A conventional blockchain, say Ethereum, can be understood thus:

Imagine a supercomputer that has all the code and can execute any number of requests simultaneously from a community that has no central leadership. [In technical terms, this is known as decentralised autonomous organisation or DAO]

Now let us introduce the first complexity – if this supercomputer is really a network of numerous individual community members who provide the resource, and the members expect to be paid for their services.

This leads us to the second complexity -the user of this service must pay the provider using an unique / native token. In this community the token is called Ether (ETH).

The next rule is that any one is free to enter or exit the community – no permission need be sought – and there is no restriction on the extent of participation.

One can participate by either being a provider of resources or by being a user of the resources. Each such provider of resources is a small part of the vast network of computers that this community is.

In the Ethereum universe, each computer that this provider brings into the network is called the Ethereum Virtual Machine (EVM). So, the leaderless community that we talked of in the first para is this network of EVMs owned by those first group of participants in this community.

Each of this EVM (colloquially called nodes) stores up to date duplicate copies of the same master. This master contains all information required to operate – that is, the code, transaction, token holdings etc. The master is free to everyone who is willing to participate but the member must invest in the hardware and the resources like electricity needed to run the hardware. How do they get compensated for these expenses?

This is where the second set of participants contribute. The second set consists of people who have requests for services and are willing to pay for it.

What are these requests? A request is a transaction involving a transfer of ETH from one account to another. For a request to be accepted or a transaction to happen any one EVM / Node from the first set of participants (called miner) has to validate the transaction.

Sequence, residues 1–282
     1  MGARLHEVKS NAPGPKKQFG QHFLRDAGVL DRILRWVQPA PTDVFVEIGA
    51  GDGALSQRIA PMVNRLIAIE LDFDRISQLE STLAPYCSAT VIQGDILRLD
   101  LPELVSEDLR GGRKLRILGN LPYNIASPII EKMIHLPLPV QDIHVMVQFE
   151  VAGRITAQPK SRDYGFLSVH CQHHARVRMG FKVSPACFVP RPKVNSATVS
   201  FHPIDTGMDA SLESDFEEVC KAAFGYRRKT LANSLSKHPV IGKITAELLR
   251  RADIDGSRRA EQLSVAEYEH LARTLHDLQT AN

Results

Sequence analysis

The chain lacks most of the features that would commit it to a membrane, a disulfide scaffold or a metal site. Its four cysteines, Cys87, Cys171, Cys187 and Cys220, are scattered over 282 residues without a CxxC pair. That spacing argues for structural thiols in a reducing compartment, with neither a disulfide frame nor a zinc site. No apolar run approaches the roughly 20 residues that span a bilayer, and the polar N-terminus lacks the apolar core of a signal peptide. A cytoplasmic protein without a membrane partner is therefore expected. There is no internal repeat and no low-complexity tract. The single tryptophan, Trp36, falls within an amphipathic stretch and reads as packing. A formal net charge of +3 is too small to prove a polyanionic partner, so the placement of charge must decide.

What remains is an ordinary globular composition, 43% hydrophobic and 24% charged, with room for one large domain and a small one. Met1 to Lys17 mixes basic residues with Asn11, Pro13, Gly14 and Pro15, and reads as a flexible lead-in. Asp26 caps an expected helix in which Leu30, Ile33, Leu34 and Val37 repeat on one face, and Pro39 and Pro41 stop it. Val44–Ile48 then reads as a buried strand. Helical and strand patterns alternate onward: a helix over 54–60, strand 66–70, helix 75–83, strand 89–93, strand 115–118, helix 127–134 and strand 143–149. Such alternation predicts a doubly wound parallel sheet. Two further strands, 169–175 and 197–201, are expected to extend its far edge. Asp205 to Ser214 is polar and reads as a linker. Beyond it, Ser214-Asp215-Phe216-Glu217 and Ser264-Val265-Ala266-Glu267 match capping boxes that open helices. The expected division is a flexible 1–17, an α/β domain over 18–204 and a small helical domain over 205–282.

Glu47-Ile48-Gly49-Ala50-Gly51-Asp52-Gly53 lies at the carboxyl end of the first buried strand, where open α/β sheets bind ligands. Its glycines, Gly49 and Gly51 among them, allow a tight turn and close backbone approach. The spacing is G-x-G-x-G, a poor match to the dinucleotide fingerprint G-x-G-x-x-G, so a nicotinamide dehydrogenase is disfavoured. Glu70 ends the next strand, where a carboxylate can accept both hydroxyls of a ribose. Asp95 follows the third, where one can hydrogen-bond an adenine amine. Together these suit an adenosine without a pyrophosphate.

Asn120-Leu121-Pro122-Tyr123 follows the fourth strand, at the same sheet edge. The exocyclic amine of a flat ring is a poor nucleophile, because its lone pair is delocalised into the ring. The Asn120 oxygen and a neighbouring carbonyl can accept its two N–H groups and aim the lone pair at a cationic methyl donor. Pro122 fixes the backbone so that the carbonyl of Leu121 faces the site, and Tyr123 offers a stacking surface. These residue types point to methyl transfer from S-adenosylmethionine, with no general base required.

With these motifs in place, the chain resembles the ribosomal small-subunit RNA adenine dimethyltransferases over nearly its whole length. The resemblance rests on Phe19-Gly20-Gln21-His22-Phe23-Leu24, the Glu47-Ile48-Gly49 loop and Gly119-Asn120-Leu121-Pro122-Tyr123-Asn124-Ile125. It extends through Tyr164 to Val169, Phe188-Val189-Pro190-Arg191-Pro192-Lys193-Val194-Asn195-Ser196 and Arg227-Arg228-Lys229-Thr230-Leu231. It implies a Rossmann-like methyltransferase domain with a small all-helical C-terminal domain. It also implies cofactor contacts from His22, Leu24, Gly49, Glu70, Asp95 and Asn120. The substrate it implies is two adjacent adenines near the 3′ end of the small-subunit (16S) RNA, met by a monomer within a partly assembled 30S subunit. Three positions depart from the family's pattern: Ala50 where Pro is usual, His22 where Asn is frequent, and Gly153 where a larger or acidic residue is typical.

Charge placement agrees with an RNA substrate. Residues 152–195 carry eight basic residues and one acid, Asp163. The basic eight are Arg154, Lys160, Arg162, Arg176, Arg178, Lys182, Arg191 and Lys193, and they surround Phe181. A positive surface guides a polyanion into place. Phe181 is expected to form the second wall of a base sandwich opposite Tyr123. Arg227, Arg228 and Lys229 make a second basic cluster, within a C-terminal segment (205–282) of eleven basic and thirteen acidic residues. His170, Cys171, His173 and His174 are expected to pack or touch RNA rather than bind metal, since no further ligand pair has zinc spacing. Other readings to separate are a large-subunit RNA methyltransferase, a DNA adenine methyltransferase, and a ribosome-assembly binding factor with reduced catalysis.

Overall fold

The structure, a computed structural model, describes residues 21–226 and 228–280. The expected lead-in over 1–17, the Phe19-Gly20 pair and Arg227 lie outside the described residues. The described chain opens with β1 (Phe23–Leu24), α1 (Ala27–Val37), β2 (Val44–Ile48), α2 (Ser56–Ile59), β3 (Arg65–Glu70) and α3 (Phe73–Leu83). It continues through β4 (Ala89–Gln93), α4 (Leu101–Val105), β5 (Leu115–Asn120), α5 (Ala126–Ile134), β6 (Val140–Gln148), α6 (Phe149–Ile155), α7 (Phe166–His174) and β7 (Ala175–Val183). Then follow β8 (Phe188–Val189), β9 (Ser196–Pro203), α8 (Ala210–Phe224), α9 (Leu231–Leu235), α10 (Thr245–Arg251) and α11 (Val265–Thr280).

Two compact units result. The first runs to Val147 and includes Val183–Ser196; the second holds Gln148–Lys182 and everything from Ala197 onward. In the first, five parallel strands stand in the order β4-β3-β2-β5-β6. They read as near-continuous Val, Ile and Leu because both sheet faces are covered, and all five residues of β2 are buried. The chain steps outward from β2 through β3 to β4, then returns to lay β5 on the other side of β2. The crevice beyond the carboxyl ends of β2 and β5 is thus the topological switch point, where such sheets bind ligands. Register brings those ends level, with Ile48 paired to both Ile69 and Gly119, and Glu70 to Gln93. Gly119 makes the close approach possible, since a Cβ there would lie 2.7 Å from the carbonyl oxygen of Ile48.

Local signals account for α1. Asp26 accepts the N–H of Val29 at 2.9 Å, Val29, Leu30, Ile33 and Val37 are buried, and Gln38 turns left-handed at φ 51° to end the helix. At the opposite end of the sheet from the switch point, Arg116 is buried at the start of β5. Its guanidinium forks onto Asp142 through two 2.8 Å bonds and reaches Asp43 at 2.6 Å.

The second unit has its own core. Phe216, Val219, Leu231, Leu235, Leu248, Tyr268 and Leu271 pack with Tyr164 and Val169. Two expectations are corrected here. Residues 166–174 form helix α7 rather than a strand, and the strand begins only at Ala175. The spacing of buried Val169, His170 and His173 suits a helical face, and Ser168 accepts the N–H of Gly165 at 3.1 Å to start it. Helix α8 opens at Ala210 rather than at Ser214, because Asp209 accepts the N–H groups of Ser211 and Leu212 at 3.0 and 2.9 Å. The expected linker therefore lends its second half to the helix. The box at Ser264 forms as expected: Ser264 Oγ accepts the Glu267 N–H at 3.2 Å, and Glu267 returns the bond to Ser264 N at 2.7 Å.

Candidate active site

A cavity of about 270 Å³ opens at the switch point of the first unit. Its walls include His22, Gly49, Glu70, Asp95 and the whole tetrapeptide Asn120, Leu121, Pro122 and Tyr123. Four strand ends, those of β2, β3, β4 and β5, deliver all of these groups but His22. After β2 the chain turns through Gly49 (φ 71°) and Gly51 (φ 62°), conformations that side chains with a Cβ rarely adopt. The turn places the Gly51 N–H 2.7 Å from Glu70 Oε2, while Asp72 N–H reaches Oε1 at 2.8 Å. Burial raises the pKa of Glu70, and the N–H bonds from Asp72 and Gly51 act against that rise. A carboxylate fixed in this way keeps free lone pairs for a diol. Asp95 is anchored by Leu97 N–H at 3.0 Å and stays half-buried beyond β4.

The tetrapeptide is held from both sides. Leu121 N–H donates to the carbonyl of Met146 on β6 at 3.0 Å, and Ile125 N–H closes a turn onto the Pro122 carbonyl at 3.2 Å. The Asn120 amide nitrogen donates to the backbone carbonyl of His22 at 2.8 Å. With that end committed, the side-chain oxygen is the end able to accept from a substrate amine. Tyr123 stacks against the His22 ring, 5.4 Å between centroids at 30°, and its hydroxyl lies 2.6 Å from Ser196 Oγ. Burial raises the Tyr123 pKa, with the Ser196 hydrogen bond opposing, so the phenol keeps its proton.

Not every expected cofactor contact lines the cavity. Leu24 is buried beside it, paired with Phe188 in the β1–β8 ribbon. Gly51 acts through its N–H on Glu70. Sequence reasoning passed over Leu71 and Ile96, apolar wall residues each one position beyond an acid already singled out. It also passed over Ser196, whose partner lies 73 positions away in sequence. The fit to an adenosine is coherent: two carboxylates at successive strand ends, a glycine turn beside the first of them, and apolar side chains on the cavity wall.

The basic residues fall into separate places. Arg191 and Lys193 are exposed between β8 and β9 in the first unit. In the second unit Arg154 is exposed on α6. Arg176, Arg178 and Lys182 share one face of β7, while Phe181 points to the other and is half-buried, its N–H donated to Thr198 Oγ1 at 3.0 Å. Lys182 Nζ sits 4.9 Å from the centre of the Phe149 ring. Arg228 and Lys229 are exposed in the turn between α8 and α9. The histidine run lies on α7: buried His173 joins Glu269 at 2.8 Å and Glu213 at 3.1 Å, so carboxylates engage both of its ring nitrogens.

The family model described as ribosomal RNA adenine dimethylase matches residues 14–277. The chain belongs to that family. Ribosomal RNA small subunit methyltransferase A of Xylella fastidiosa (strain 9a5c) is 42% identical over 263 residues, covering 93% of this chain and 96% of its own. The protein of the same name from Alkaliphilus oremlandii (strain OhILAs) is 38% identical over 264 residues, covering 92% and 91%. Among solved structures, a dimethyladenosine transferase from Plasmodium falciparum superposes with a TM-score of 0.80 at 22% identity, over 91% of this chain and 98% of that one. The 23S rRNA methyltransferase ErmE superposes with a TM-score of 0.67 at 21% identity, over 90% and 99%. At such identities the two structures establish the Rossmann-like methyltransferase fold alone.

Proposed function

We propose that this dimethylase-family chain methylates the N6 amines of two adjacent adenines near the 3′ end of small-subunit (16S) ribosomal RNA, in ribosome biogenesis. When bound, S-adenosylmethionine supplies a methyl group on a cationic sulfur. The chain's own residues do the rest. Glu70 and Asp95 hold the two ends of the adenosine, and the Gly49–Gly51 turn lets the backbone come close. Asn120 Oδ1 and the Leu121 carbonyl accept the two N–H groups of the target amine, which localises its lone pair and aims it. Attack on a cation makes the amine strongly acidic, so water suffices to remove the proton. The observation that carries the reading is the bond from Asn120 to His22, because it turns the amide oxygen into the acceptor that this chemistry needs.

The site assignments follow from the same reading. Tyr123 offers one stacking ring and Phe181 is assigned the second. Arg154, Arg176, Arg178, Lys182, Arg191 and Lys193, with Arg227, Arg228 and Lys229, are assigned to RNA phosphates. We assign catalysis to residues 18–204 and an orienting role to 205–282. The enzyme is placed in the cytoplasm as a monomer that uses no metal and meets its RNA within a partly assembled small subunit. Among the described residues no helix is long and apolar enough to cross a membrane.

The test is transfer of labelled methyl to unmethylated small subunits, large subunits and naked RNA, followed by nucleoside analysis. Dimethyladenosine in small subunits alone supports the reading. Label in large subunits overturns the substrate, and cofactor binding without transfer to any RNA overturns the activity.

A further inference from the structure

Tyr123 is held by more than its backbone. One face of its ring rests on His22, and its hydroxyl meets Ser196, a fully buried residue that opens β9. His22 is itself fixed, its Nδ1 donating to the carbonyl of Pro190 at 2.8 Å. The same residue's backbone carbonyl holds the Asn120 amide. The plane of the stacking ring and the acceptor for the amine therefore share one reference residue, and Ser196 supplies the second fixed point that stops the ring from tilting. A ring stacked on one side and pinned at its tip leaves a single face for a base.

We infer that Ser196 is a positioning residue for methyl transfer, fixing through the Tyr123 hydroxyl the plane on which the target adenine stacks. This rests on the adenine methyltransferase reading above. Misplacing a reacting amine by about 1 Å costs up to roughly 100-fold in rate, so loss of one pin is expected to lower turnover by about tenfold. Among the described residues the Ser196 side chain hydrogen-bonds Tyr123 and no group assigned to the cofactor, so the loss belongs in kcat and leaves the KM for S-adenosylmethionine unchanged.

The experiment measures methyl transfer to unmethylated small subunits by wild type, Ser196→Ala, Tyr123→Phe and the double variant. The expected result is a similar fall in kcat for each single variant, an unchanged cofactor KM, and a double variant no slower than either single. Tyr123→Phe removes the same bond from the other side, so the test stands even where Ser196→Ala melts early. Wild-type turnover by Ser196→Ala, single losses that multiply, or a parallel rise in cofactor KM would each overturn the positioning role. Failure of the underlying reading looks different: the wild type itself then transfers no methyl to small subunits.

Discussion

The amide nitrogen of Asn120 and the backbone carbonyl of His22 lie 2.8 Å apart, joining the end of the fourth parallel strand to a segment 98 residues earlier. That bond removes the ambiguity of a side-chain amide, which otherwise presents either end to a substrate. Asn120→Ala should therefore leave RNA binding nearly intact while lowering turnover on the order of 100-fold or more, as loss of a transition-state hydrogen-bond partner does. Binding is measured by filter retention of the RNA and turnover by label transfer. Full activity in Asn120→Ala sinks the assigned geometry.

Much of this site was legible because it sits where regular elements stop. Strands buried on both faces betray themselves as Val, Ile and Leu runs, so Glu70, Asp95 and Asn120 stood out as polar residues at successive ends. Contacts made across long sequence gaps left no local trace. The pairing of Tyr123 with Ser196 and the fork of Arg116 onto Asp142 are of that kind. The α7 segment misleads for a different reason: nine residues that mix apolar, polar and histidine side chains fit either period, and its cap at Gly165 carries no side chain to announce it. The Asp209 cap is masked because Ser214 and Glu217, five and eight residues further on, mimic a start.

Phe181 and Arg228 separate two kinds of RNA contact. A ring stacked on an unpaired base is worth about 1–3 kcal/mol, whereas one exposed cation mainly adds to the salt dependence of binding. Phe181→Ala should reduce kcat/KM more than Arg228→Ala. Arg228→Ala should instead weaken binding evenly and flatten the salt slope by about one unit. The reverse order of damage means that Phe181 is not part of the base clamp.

To validate the transaction, he asks the following questions:

Does the member making the request has the required number of tokens to pay for the transaction?

Is the request feasible, given the resources of the network?

Does this member have permission to make such a request?

For any random validator (miner) to answer these questions, all information must be stored with all members in the system.

What is a transaction?

A transaction is a transfer of ether from one account to another or in some cases a call to functions in various smart contracts on the EVM. For the moment we will ignore the “call to functions in various smart contracts” as it requires more knowledge of the blockchain.

The focus then shifts to what is an Account. Though an Account means nothing more than what a normal person (as User) understands of it, in technical parlance it is an Externally Owned Account (EAO).

An EAO can receive, store and send ETH (the native crypto currency on the Ethereum platform) as well as interact with “smart contracts stored in tokens.”

Things to remember here:

One needs an account to submit a transaction on the Ethereum network. (We will use the colloquial “account” rather than the technically correct EOA).

Accounts can initiate transactions to interact with “Smart Contracts” or with other accounts.

Transactions between accounts can only be requests to transfer funds (ETH); and

Last but most important, an account is not a wallet, and a wallet is not an account. [We will visit this later.]

The steps involved in a transaction are:

The transaction is assigned a unique code known as Transaction Hash (also called as TxID, TxHash,….) An illustration of a transaction hash: 0x3242ecd0b79da7edb05aaf278b1526ce157678e6592ff5ec2ceefc87d177a147 The transaction is broadcast over the network to all nodes.

If valid, the transaction is added to a pool of other pending transactions awaiting execution. This pool of pending transaction is called as “MemPool.”

Miners select pending transactions from this pool to form a block of transactions. This block is at this stage a draft and needs to be confirmed.

Miners then race to solve a complex equation – a proof of work (PoW) puzzle – to get the privilege of adding and confirming a new block to the chain. It is needless to add here that to solve this puzzle the miner requires enormous computing power.

Once the puzzle is solved, the winning miner is compensated with a block reward and at the same time the block is broadcast to the network. This is when the transactions that are part of this block are executed.

To sum up, to successfully complete your transaction:

The transaction must be valid.

The transaction must be selected by a successful miner. [A miner is successful if he solves the complex puzzle.]

Most important, the transaction’s total computational complexity must not exceed its designated gas limit. [The limit is set by the person initiating the transaction].